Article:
My core principle here is simple: only the people responsible for building software systems get to make decisions about how those systems get built. I can opine all I want on your architecture or ours, but if I’m not carrying a pager for you, you should probably just smile politely and move along.

Technical decisions should be ultimately be made by the people who have to live with the consequences. But good architects will listen to those people, and help co-create architectural decisions that take into account local, domain, and enterprise perspectives (a Katy Allred quote).

Architecture is a core engineering skill

When you make architecture “someone else’s problem” and scrap the expectation that it is a core skill, you get weaker engineers and worse systems.

Learning to see the forest as well as the trees, and factor in security, maintainability, data integrity and scale, performance, etc is a *critical* part of growing up as an engineer into senior roles.

The story of QA is relevant here. Once upon a time, every technical company had a QA department to test their code and ensure quality. Software engineers weren’t expected to write tests for their code — that was QA’s job. Eventually we realized that we wrote better software when engineers were held responsible for writing their own tests and testing their own code.

Developers howled and complained: they didn’t have time! they would never get anything built! But it gradually became clear that while it may take more time up front to write and test code, it saved immensely more time and pain in the longer run because the code got so much better and problems got found so much earlier.

It’s not like we got rid of QA  — QA departments still exist, especially in some industries, but they are more like consulting experts. They write test suites and test software, but more importantly they are a resource to make sure that everybody is writing good tests and shipping quality software.

This was long enough ago that most people writing code today probably don’t remember this. (It was mostly before my own time as well.) But you hear echoes of the same arguments today when engineers are complaining about having to be on call for their code, or write instrumentation and operate their code in production.

The point is not that every engineer has to do everything. It’s that there are elements of testing, operations, and architecture that every software engineer needs to know in order to write quality code — in order to not make mistakes that will cost you dearly down the line.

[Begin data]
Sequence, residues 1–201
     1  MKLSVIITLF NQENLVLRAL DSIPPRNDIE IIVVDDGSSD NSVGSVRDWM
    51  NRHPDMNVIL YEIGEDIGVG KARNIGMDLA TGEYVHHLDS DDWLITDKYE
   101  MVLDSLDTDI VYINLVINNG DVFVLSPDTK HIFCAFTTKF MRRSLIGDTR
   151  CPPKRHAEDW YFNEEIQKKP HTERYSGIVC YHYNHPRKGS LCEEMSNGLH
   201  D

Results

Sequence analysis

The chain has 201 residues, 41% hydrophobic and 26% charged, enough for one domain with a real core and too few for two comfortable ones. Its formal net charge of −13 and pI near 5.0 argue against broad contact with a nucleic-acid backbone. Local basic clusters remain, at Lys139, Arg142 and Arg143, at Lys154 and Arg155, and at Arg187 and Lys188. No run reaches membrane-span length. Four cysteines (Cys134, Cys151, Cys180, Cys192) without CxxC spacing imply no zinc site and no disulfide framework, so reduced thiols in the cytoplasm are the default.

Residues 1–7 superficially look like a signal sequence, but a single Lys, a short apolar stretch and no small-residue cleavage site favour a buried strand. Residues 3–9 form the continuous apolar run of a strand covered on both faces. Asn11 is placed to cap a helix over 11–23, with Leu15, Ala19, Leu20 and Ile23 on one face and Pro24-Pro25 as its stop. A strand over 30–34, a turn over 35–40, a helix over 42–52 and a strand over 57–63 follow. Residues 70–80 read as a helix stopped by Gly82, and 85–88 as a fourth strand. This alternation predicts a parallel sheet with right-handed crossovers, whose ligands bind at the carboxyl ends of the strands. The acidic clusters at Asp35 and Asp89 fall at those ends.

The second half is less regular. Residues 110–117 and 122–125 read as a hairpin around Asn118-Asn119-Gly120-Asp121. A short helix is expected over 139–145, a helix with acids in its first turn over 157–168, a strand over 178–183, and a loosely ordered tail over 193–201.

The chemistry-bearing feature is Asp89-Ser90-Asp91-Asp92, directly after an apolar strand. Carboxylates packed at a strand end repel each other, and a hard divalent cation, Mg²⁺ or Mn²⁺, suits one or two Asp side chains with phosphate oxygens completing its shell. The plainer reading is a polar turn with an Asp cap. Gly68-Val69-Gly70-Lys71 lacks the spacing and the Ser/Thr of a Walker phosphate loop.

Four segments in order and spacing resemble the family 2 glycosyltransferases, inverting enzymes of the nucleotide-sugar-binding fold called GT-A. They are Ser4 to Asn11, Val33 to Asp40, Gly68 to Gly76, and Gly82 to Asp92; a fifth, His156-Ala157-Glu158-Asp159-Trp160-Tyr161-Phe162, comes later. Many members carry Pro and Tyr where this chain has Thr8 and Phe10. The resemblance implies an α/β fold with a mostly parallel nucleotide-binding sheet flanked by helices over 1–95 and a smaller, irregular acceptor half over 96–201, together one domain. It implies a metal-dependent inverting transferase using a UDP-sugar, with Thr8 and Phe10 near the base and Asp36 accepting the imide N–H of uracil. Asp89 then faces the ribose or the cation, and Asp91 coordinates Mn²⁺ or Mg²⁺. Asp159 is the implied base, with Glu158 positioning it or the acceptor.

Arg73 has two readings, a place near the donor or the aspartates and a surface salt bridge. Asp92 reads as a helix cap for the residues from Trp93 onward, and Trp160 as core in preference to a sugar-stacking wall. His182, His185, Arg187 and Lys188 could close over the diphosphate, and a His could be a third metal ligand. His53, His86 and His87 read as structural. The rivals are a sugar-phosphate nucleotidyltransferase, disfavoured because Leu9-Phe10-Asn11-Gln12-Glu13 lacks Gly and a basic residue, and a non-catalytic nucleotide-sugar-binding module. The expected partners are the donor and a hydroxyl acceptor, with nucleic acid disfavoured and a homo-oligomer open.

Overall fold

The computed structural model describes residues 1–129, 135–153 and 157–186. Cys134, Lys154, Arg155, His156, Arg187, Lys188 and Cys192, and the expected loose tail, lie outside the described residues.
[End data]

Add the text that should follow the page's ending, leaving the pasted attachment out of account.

Specialists are not here to do the job for you, they’re to help you do the job better.

“Architect” Done Right

If you must have architects at all, I suggest:

  1. Grow your architects from within. The best high-level thinkers are the ones with a thorough grounding in the context and the particulars.
  2. Be clear about who gets to have opinions vs who gets to make decisions. Having architects who consult, educate, and support is terrific. Having “pigeon architects” who “swoop and poop” — er, make technical decisions for engineers to implement — is a recipe for resentment and weak architectures.
  3. Pay them the same as your staff or principal engineers, not dramatically more. Create an org structure that encourages pendulum swings between (eng, mgr, arch) roles, not one with major barriers in form of pay or level disparities.
  4. Consider adopting one of the following patterns, which do a decent job of evading the two main traps we described above.

If your architects don’t have the technical skills, street cred, or time to spend growing baby engineers into great engineers, or mentoring senior engineers in architecture, they are probably also crappy architects. (another Katy Allred quote)

The “Embedded Architect” (aka Staff+ Engineer)

The most reliable way I know to align architecture and engineering goals is for them to be done by the same team. When one team is responsible for designing, developing, maintaining, and operating a service, you tend to have short, tight, feedback loops that let you ship products and iterate swiftly.

Here is one useful measure of your system’s complexity and the overhead involved in making changes:

“How long does it take you to ship a one-character fix?”